Then I noticed something else about the Ipod interface. It has a jump forward 15 seconds and a jump back 15 seconds feature. If it hadn’t had that feature, it would have been impossible to nudge the playback a few seconds, given that the timeline in the Ipod was nearly 4 hours long. So if I didn’t get the last few words spoken by my interviewee, I could just touch the 15 second review icon and try again. Another great thing: if you’re in podcast mode, (which is where I placed my mp3), you can slow down the speech to half speed or speed it up all the way to 2x. That feature I knew about because I listen to a lot of podcasts speeded up.  But for my transcribing job,  I had it set to .5 playback and I just narrated, (slowly), but accurately and with no typing! Just me holding the Ipod in my left hand and pressing play and pause as I moved along in the dictation. After a while I moved it back to normal playback speed and I had no problem keeping up with the dictation – and neither did Dragon. As a matter of fact, I found the whole process to be relaxing, productive and FAST. The nearly 4 hours of dictation took most of the day, but it wasn’t the monster I had resigned myself to at all.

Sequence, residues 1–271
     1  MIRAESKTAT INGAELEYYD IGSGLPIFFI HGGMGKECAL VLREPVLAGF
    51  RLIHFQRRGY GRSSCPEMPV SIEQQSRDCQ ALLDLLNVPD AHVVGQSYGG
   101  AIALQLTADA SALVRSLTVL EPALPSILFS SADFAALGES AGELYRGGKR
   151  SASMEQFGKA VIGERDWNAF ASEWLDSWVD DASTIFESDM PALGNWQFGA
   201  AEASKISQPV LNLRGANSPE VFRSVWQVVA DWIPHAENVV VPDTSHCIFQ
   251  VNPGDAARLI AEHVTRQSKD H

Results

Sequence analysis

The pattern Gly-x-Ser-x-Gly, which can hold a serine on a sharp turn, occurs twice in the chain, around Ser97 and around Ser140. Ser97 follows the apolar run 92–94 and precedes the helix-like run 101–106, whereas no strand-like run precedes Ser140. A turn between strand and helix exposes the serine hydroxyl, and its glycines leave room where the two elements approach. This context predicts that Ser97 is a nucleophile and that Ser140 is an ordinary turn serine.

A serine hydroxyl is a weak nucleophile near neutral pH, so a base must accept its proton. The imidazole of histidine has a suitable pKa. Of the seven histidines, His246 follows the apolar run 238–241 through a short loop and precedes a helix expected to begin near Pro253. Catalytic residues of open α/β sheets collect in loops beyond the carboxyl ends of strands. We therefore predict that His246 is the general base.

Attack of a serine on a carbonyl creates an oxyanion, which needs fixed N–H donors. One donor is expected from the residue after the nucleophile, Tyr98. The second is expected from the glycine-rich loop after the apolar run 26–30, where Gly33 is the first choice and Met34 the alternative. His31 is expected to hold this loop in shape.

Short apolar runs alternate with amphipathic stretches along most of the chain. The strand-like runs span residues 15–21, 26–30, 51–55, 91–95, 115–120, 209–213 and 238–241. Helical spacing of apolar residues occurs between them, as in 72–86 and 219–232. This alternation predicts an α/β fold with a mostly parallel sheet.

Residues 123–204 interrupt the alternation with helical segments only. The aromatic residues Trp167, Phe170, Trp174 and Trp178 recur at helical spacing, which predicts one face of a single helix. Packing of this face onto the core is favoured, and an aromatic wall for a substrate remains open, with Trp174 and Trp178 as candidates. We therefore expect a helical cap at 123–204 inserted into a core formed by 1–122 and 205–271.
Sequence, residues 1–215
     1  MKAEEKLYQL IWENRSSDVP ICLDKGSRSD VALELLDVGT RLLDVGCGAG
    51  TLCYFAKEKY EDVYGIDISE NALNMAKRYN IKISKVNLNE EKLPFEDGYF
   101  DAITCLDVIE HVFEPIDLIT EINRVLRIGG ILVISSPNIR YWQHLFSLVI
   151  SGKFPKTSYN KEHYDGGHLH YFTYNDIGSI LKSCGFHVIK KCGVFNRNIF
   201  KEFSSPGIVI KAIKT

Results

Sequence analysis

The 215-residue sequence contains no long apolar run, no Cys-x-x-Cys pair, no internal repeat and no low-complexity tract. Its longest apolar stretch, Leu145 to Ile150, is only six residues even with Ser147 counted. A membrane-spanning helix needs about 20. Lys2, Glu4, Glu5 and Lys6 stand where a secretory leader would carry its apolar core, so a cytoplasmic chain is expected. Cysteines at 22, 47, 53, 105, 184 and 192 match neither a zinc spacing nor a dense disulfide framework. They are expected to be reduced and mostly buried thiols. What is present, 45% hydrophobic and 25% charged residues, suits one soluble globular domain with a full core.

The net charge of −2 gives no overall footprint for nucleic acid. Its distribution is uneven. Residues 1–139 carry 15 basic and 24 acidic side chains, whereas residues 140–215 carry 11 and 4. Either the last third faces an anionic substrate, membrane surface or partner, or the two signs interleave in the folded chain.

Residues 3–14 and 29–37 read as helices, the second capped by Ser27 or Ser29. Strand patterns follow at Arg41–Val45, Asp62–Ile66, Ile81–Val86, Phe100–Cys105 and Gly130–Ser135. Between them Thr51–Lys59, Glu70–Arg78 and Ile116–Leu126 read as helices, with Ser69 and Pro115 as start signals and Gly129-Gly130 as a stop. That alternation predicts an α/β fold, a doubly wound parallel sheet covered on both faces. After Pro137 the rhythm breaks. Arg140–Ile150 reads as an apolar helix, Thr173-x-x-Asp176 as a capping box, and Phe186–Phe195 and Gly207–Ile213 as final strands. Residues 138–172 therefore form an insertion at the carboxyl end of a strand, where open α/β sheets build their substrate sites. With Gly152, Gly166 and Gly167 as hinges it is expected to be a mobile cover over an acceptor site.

Now maybe you’re wondering how would I note time-code given that I was listening to an audio-only file. Remember I said I butted all my video clips together on the Vegas timeline? Well, the Ipod had it’s own little time counter and I checked it at various points against my clips in Vegas after I finished my work.  I was within a couple of seconds of my notation in the transcript all the way through my document. Not frame accurate, but definitely close enough for government work! And really, I wouldn’t have been counting frames anyway even if I could see the timecode.

This has proved to be a great solution for me. Others may have different solutions to this task and I would love to hear them. I consider the Dragon software to be fantastic.  Amazing. The software  recognized my dictation correctly at least 98 percent of the time. I had used the software previously but under different circumstances. I found that I just didn’t need it when I was actually composing a document.  That’s because I’m thinking , pausing, and then typing a little. I didn’t feel that speech recognition was all that useful for that kind of work. There would be errors and I’d have to go back and correct them anyway, so the time savings just didn’t add up.

But for rote transcription the combination of the Ipod, USB Mike, and Dragon Software worked beautifully. For my purposes, I didn’t care about small errors as long as the context is clear. My sweet little Dragon.  I feel listened to. I feel heard. Sweet.